The show, which opened at Sixth Street Studios in downtown Phoenix on Friday, also focuses on pictures of her daughter, but are not like those that caused the controversy last year. Though some of the pictures were taken with Madeleine in the nude, the photographs in this show are more intuitive, taken when the lighting and the moments were just right.

One is a picture of Madeleine sitting at a Formica table at a diner concentrating on eating a bowl of ice cream. The sun filters through the window, lighting her hair and the table. It captures, quite adeptly and charmingly, a real vision of childhood.

Jesse Martin, a construction management sophomore at Mesa Community College, went to Friday's opening.

"The pictures were really beautiful, I think especially because they were of her daughter. It was like a very loving mother being really creative taking pictures of her kids," says Martin.

He says the photos were mostly of kids being kids, just doing things they would normally do. He especially liked the shots of Madeleine eating ice cream and of Madeleine in the bucket.

Martin says that the child was naked in a lot of the shots but that "it was nothing different than a 2-year-old running around the house."

"It was nothing explicit," he says.

He adds that any controversy over the nudity is ridiculous.

"There were a lot of people at the show and most people seemed to like it a lot," he says.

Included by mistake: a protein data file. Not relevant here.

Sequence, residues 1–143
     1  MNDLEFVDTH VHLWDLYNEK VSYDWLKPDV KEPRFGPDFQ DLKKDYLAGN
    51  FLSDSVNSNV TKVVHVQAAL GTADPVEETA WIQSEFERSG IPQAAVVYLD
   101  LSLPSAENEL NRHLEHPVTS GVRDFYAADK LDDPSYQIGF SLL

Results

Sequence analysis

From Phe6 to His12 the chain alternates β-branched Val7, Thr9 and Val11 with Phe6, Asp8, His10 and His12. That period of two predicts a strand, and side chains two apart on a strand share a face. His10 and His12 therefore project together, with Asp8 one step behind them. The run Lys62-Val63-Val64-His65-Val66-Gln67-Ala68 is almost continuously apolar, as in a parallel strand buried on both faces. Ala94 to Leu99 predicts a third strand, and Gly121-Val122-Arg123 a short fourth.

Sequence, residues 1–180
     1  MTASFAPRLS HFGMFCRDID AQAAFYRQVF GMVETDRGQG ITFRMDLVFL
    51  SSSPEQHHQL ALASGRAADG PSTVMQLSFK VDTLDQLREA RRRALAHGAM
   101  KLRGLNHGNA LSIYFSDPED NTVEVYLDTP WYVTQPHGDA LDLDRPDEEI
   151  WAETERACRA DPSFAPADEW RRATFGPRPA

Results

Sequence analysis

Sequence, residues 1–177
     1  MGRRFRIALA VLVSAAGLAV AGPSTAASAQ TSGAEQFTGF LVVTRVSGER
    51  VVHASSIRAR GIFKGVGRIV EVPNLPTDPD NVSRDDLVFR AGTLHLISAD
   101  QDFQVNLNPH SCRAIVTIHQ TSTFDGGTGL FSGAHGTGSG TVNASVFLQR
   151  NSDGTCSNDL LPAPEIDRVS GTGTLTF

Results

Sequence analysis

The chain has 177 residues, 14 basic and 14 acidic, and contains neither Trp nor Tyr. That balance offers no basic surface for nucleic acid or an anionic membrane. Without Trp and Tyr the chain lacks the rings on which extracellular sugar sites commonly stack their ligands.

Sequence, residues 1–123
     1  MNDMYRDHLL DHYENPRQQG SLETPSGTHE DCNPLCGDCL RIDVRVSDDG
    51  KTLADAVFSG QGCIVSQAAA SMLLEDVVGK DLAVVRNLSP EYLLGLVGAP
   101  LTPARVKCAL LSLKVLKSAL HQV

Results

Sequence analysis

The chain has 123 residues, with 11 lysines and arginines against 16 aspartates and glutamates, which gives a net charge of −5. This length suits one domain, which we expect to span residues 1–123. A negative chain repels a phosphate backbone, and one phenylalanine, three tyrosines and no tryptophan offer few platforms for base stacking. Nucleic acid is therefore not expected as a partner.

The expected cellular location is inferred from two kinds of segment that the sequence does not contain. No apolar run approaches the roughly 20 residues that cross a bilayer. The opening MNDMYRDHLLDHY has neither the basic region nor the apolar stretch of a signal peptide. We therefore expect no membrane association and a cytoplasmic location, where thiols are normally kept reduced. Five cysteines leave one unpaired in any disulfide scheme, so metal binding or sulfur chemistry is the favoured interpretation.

Before grad school, Schneider worked for Sally Mann, a photographer known for stirring people up with her photos of children. She is, Schneider says, very interested in exploring and suggesting the dark side of children.

"I like to think that I do that, too," she says. But she adds that her photos are really not all that dark. Her focus is more on depicting children without adult condescension or idealism.

She believes that both herself and Mann incite controversy because they are not adhering to the comfortable vision of innocent childhood.

Schneider also is currently working on opening a collection of portraits at Mills College in California.

Schneider says her goal is to photograph everyone she knows, and has more than 200 pictures that include images of friends from high school, her second-grade teacher and her middle school gym teacher.

"Maybe this is my answer to not sending holiday cards," Schneider says.

Actually, she says, she wanted to photograph something other than her children.

"I am totally obsessed with the people in my life," she says. "A photograph is a little rectangle. You can have lots of them. We all like to collect things. I guess I do it with my friends."

Despite her recent interest in portraits, Schneider plans to continue taking photos of her children with the hope of instigating conversation about childhood and society's conception of children.

People like to see children as simple and innocent, and react to images that show otherwise, she says.

Schneider doesn't shy away from the controversy her work may cause, but wants it to be understood for what she says it is: reality.